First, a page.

Losing and Winning at NaNoWriMo

Derp derp! I am looking forward to my first non-win since I started NaNo in 2008.

(I originally typed “my first failure” but that isn’t right, because as I’ve been preaching to my Wrimos all month: writing less than 50k words does NOT equal failure!)

I’m actually kind of pleased about it. As an ML (regional coordinator, for you uninitiated folks), I feel like I ought to know what it feels like to be one of the people who doesn’t make it, but who keep writing every day anyway. That includes a fair majority of people who participate. Now I know some of the trials and real excuses, and I know a little better how to support that crowd. Yay me!

On the other hand, my story really started taking shape around the 20th of the month. I went from writing rambling pages about my characters taking a walk through town, describing every single thing they see in excruciating detail because I had no idea what the plot was supposed to look like, to suddenly having two or three major insights in a row that gave my story substance and direction.

It was very exciting. If only my organizational abilities could keep up with the thoughts zinging around in my head.

And I’ve had an interesting revelation about how I handle brainstorming. Apparently I deal with brainstorming the same way people with addictions handle interventions. This might have something to do with the fact that most of my brainstorming happens as a conversation with my husband. Here’s an example:

Me: My characters have no motivation! Why would anyone go to such huge risk and expense just to drag a couple of dragon hearts home from the mountains?

Him: To save someone’s life?

Me: Mm, that could be good. But the people mounting the expedition are bad guys. Whose life could be worth saving to them?

Him: Maybe they want to start a war.

Me, internallyPsh. War is stupid. I don’t write about war. What a dumb idea.

Me: Interesting. I’ll write that down.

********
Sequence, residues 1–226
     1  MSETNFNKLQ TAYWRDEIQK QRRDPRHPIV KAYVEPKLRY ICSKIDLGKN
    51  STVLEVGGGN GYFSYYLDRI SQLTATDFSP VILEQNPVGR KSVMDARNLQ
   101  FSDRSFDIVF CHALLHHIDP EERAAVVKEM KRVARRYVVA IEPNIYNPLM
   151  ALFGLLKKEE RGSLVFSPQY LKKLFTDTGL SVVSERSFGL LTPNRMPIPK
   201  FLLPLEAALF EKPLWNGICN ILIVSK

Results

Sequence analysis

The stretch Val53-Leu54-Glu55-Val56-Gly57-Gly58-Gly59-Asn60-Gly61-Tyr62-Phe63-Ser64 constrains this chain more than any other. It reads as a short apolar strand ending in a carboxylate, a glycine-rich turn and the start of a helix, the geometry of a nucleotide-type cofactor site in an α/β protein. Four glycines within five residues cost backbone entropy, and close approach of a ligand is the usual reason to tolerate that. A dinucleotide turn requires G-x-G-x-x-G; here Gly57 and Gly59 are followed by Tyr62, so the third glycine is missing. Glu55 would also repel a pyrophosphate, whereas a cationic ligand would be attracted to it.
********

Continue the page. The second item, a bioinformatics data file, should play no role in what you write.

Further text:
Him: But their obvious motivation should be something noble. War could be a secret motive!

Me, internallyWar is stupid.

Me: Secret motives are interesting! But saving someone’s life is too hard to work in, since this expedition will take, like… eight months. Should be something a little less dire.

Him: What if they’re trying to do something stop-gap to fix the problem they need the dragon-batteries for? Maybe there’s a coal shortage.

Me: There can’t be a coal shortage. My world runs on coal.

Him: …

Me: Oh, that would certainly create a need, wouldn’t it?

Me, internallyNoooo! I already wrote thirty excruciating pages about the wonders of the steam-driven technology in my world!

Him: There you have it then, coal shortage and war.

Me, internallyWar is stupid. 

Me: I’ll write it down.

… Later, in the throes of ecstasy over having taken away most of the technology in my world …

Me: What could possibly be so important that you would pay for the coal to make an 800-mile train trip to the edge of nowhere every month?

Him: Oil.

Me, internallyI should have known better than to ask that after I saw him watching that History Channel special on the Vanderbilts. 

Me: Oil is boring.

Him: Yes, but it’s valuable.

Me: I’ll write it down.

Me, internallyThis is not going to be a book about freaking energy crises. 

… Two days later, I’d done some outlining and much additional pondering and realized that an energy crises presents a perfect backdrop for a more atmospheric setting, the opportunity for royal conspiracy, the introduction of monsters, AND it produced – out of non-smog-filled thin air – the missing mother of my protagonist.

I have to admit, after much denial, bargaining and depression over lack of other prospects, that boring, real-world-style world conflicts can make excellent background music for a story that does not have to be about those things at all. My story can still be about clockwork dragons and mysterious power-sources and missing persons and wild adventures across dangerous terrain, now everyone involved has proper motive to get started.

Hooray!

My name is Laura. It is Day 30 of NaNoWriMo and my novel has just begun.

Advertisements

Leave a Reply

Fill in your details below or click an icon to log in:

WordPress.com Logo

You are commenting using your WordPress.com account. Log Out / Change )

Twitter picture

You are commenting using your Twitter account. Log Out / Change )

Facebook photo

You are commenting using your Facebook account. Log Out / Change )

Google+ photo

You are commenting using your Google+ account. Log Out / Change )

Connecting to %s